As hon. Members are aware, the issue concerns effective partnership working to deliver services in Somerset, as the hon. Member for Bridgwater has made clear. He has not minced his words in the debatehe is well known for saying what he thinks, and he has certainly done so today. He agreesit is important to stress this from the startthat local authorities are independent bodies that are accountable first and foremost to their local communities and residents. They must ensure that they act in a professional and responsible manner. In particular, they are responsible for the proper administration of their financial affairs within the framework set by legislation, which includes the duty of best value and public procurement law, and codes of practice that are issued by professional bodies such as the Chartered Institute of Public Finance and Accountancy.
The hon. Gentleman has raised concerns about governance, employment rights, resources, moneyhe has mentioned a sum of £400 millionsavings, his local constabulary and its involvement in the project, and the process of tendering. He has managed to fit quite a lot into a short Adjournment debate. Central Government cannot be involved in every action that councils undertake, and nor should they be. Rightly, Ministers and officials have not been involved in the development of the Southwest One partnership that has caused the hon. Gentleman so much concern. Therefore, the specific matters that he has mentioned can be answered only by Southwest One, Somerset county council and Taunton Deane borough council. If he has specific evidencehe has alluded to itof financial irregularities or of a failure to follow due process in the development of the Southwest One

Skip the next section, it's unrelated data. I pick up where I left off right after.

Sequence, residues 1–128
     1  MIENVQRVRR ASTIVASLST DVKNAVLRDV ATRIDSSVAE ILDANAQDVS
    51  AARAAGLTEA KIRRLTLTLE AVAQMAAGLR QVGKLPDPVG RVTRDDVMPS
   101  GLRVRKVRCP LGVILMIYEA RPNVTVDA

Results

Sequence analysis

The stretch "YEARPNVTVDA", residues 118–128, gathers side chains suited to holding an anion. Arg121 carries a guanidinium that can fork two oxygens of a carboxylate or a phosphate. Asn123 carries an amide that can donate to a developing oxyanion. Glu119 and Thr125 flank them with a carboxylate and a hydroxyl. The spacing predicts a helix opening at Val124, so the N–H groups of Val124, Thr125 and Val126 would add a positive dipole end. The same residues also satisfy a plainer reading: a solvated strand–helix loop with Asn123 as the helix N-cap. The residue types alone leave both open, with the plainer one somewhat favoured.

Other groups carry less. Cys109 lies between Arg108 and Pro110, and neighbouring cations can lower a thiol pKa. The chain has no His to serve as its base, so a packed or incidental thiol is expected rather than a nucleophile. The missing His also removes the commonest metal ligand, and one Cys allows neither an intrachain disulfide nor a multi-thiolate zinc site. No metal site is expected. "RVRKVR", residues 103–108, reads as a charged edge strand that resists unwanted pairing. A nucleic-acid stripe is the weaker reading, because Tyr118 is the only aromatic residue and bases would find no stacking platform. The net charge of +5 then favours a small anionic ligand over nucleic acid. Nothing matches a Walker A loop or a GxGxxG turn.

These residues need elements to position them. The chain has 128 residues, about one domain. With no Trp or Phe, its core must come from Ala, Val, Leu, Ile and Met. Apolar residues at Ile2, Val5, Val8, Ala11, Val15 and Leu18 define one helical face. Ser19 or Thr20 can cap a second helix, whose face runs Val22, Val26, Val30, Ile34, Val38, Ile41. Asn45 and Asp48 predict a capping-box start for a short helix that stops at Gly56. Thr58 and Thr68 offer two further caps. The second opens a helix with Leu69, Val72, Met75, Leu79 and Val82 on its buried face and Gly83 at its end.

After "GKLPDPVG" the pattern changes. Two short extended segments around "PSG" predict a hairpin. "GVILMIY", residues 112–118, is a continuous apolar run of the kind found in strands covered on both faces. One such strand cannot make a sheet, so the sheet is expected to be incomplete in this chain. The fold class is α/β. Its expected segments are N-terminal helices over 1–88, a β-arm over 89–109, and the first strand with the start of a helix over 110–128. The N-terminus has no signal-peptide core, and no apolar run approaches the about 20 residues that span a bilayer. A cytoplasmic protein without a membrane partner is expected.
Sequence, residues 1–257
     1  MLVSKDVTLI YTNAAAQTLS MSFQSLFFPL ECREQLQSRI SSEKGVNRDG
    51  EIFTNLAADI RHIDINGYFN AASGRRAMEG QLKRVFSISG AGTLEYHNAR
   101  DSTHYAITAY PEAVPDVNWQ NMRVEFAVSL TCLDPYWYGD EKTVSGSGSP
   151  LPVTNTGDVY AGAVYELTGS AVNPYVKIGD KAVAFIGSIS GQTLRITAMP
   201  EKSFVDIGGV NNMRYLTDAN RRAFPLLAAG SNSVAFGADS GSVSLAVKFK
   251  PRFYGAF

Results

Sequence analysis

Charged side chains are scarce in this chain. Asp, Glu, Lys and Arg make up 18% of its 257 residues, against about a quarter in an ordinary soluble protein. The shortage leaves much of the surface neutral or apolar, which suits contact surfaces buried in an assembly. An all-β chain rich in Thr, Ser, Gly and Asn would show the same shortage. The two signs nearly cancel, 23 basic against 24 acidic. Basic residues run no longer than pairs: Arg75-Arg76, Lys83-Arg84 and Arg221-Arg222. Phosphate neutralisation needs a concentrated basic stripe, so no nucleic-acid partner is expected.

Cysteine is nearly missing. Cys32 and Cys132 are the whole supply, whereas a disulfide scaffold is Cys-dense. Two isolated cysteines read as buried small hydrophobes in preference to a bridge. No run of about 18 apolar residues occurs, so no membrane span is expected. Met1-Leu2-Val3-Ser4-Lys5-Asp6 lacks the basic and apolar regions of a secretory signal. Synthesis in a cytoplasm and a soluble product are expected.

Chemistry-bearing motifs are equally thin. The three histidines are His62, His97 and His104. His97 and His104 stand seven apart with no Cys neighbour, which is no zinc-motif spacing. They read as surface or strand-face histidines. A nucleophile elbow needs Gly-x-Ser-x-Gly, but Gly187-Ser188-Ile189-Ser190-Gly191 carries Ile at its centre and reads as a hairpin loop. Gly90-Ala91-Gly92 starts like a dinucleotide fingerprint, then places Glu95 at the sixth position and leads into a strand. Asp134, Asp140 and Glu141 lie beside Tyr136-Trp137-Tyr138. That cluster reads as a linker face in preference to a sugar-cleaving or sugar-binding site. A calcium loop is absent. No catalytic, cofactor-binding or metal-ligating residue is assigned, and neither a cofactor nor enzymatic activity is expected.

partnership, he would be well within his rights to present it to the district auditor, as I am sure that he will. The district auditor is the right person to investigate such matters.